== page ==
An Interview with Khmer Rouge Leader Khieu Samphan
Phnom Penh Post
Thursday, 27 August 1992
By Nate Thayer
The following are excerpts from an interview in early August between Khieu Samphan, president of Democratic Kampuchea, and the Phnom Penh Post.
On Working with UNTAC
Our position remains clear. As long as the fundamental issues are not resolved, other issues cannot be resolved. If we do not implement the Paris agreement to force Vietnam to withdraw, there will be no peace in Cambodia, there will be no national reconciliation, and there will be no neutral political environment necessary to hold elections.
We have clearly said that the most important thing is the implementation of the Paris agreement in regard to the SNC [Supreme National Council]-the sole legitimate source of authority in Cambodia. If the SNC remains without power and means, then UNTAC-either consciously or unconsciously-is cooperating with the Phnom Penh regime and the elections will certainly be held within the framework of the regime set up by the Vietnamese. There can be no neutral political environment under such conditions to hold an election-the result of which would be to rubberstamp the Vietnamese occupation.
We will never accept this and cannot participate in elections or political activity under such conditions. If these two key provisions are not implemented, then the Party of Democratic Kampuchea cannot have a neutral political environment in order to have elections. If such a situation continues, we will continue to do as we are doing now.
I also told Akashi clearly that our own proposal is only one proposal. We would consider any proposal that would allow the SNC to play its role. We continue to believe that through consultation and dialogue, we will be able to break the current deadlock.
No Desire to Return to Power
If we look at the past nine months, we can see that this is the main trend: the western powers' thinking is now to get rid of the forces of the party of Democratic Kampuchea. They try to keep in place the Phnom Penh regime and the Vietnamese forces, to use these forces to try to get rid of the Khmer Rouge.
Allow me to inform the western powers that we do not entertain any idea whatsoever to return to power. If we look at the provisions of the Paris agreement, there is no provision to allow us to return to power.
The Paris agreement calls for the withdrawal of foreign forces and entrusts UNTAC to organize and supervise elections in a neutral political environment. We will respect these elections and have no desire to return to power.
The big western powers should ask [the opinion of] Cambodians, including those living in the United States, Canada, and Europe. Those Cambodians will tell them that, while they do not agree with the policies between 1975 and 1978, they do not agree that the Khmer Rouge should be eliminated.
All Cambodians want national reconciliation, and on this point they support the Democratic Kampuchea party. This does not mean they join our party; but they don't want us eliminated.
Relations with China
In concrete terms we no longer receive assistance from China. I have seen [Chinese Deputy Foreign Minister Xu Dunxin] a few days ago. He conveyed to me the position of China, and tried to impress upon me that we should enter into Phase II. He said that [Democratic Kampuchea's] two key provisions are reasonable and correct, but that we should enter into Phase II and discuss the matter at the same time. I conveyed to China that we want the two key provisions implemented first.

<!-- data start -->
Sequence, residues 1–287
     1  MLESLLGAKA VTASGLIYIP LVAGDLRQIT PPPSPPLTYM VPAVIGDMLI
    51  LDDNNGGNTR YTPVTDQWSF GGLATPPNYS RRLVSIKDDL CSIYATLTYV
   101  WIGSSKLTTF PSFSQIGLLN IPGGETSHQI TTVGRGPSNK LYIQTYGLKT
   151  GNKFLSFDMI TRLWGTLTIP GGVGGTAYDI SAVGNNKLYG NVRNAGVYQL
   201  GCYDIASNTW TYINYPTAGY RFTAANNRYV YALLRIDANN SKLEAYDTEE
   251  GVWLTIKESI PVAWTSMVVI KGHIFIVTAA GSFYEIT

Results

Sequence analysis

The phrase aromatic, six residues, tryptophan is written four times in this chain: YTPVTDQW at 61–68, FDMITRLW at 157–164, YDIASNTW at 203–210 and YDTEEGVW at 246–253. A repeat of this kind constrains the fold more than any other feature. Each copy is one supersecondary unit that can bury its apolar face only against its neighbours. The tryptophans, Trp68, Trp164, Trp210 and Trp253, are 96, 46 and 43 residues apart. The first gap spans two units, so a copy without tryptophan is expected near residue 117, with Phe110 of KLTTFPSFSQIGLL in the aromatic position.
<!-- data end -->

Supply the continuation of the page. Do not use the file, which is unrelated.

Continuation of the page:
I think you understand that China has no interest in supporting the party of Democratic Kampuchea in violation of the peace agreement. China needs to have good relations with the west in all fields-trade, diplomatic, and economic. China also wants to have good relations with Vietnam, now that there is no more Soviet Union, Eastern Europe, and in a situation where the socialist community is disappearing.
On Vietnamese Settlers
Recently [U.S. Chief-of-Mission] Charles Twining spoke of his worst nightmare, seeing Vietnamese corpses floating down the Mekong River in Phnom Penh. UNTAC must understand the urgency of resolving the problem of the Vietnamese settlers, who are part of Vietnam's occupation plan, which continues to swallow Cambodia.
If the Cambodian people cannot see a peaceful resolution to the problem, they will seek other means. So the nightmare that Twining was talking about might become a reality. What are the consequences, we cannot foresee.
If we raise these issues, people blame us for creating the problem. But the problem exists, it is not us who invented it. It is very clear that as long as Vietnamese forces are not withdrawn, the Cambodian people will never accept this.
As long as Vietnamese settlers continue to plunder the land of the Cambodian people, the Cambodian people will never accept such a situation. Vietnam continues to occupy Cambodia through the regime they set up. At this point the western powers do not see this-the Vietnamese experts on overt and covert warfare in all fields continue to direct Phnom Penh.
We agree that the question of the Vietnamese settlers should be left for the new Cambodian government, after elections, to tackle.